Great Plains Skink

Great Plains skink resting on a rock
Species of Conservation Concern
Scientific Name
Plestiodon obsoletus
Scincidae (skinks) in the order Squamata (lizards and snakes)

The Great Plains skink is a robust ground-dwelling lizard. It has a light tan to gray ground color, with the scales on the back and sides edged in brown or black, making it look speckled. These dark markings may combine to form irregular stripes along the back and sides. The belly is plain light gray. Body scales on the sides are in oblique (slanted) rows, and this is Missouri's only lizard species with such a scale arrangement. This is the largest species of skink in the United States.


Total length: 11 inches (average).

Where To Find
Great Plains Skink Distribution Map

Great Plains skinks have been found in Missouri's far western and southwestern counties. Our state and northwestern Arkansas represent the easternmost extent of the range.

A rare species in Missouri, it requires grasslands with rocks sunken in the soil for shelters, preferring rock-strewn low hills with sparse vegetation. Although it spends a lot of time under rocks, it is active on the surface searching for insects from 10 a.m. to 4 p.m. when the air temperature is over 70 degrees, from about March to early October. When captured, this lizard will inflict a painful bite to defend itself.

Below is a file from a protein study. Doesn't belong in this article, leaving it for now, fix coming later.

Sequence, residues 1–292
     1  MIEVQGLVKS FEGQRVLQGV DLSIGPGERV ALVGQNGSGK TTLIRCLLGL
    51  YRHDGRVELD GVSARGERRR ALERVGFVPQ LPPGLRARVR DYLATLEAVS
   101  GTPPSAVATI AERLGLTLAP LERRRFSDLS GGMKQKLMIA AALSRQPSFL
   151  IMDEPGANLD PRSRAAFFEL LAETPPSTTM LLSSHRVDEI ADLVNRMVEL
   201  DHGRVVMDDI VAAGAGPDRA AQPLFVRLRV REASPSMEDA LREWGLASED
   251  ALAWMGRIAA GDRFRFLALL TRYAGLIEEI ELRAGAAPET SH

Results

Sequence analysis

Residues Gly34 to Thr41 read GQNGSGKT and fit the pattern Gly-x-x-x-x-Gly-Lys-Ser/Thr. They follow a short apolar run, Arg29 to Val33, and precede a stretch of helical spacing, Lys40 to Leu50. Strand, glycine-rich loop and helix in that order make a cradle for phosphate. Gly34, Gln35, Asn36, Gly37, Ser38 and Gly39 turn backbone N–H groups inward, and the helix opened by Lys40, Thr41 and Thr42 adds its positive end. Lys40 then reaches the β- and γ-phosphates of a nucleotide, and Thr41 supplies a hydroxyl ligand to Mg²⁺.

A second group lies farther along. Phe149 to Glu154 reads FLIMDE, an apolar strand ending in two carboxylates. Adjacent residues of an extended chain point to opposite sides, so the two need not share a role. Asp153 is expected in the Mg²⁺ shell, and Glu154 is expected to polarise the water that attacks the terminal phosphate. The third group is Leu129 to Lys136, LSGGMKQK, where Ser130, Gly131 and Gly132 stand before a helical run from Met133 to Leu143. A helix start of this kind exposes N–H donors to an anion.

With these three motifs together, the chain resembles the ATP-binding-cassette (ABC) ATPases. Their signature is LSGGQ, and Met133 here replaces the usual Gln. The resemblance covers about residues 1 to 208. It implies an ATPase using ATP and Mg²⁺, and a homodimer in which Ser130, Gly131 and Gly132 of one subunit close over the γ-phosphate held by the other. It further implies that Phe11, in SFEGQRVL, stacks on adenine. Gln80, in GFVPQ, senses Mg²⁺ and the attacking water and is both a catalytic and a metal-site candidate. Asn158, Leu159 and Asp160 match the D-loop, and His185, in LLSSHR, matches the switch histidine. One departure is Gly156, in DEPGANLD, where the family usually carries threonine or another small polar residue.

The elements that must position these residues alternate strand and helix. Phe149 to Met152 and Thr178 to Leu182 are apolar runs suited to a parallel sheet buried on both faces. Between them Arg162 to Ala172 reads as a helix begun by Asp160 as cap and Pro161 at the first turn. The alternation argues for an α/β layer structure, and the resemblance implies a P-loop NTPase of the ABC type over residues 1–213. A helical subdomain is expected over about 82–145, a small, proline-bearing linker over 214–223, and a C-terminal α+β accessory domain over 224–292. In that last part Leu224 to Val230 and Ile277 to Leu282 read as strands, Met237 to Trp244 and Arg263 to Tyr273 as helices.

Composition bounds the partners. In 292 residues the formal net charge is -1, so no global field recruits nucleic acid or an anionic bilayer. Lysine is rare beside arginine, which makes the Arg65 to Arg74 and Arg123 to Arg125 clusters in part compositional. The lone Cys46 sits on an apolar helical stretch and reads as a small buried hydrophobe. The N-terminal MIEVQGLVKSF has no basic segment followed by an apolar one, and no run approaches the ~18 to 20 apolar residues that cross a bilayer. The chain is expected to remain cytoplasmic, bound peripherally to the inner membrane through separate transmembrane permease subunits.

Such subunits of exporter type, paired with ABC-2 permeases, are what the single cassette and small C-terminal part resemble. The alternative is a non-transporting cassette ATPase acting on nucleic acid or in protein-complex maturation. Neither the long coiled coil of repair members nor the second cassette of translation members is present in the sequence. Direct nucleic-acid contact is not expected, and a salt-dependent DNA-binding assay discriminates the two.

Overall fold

This lizard eats a variety of insects and spiders, especially grasshoppers, crickets, and beetles.

Species of Conservation Concern. This species has probably never been abundant in Missouri, but it has been common in Kansas counties that border Missouri. In Missouri, however, there have been few recent reports. As with most rare species, protecting the habitat it needs is a key to its continued presence in our state.

Life Cycle

Courtship and mating apparently take place in May. Females might not breed every year. Eggs are usually laid in a burrow under a large rock, with about 11 eggs per clutch. Females remain with their clutch from one to two months, until the eggs hatch.

Missourians have a unique, diverse combination of natural landscapes, including Ozark hills, Bootheel swamps, big river habitats, and our northern and western prairies. The Great Plains skink is a valuable component of our beautiful, and historically significant, prairies.

Like most lizards, this species preys on insects and other small animals and naturally keeps their populations in check. It, and its more vulnerable eggs and juveniles, is preyed upon by larger predators, including snakes, mammals, and birds.

Media Gallery
Similar Species
About Reptiles and Amphibians in Missouri
Missouri’s herptiles comprise 43 amphibians and 75 reptiles. Amphibians, including salamanders, toads, and frogs, are vertebrate animals that spend at least part of their life cycle in water. They usually have moist skin, lack scales or claws, and are ectothermal (cold-blooded), so they do not produce their own body heat the way birds and mammals do. Reptiles, including turtles, lizards, and snakes, are also vertebrates, and most are ectothermal, but unlike amphibians, reptiles have dry skin with scales, the ones with legs have claws, and they do not have to live part of their lives in water.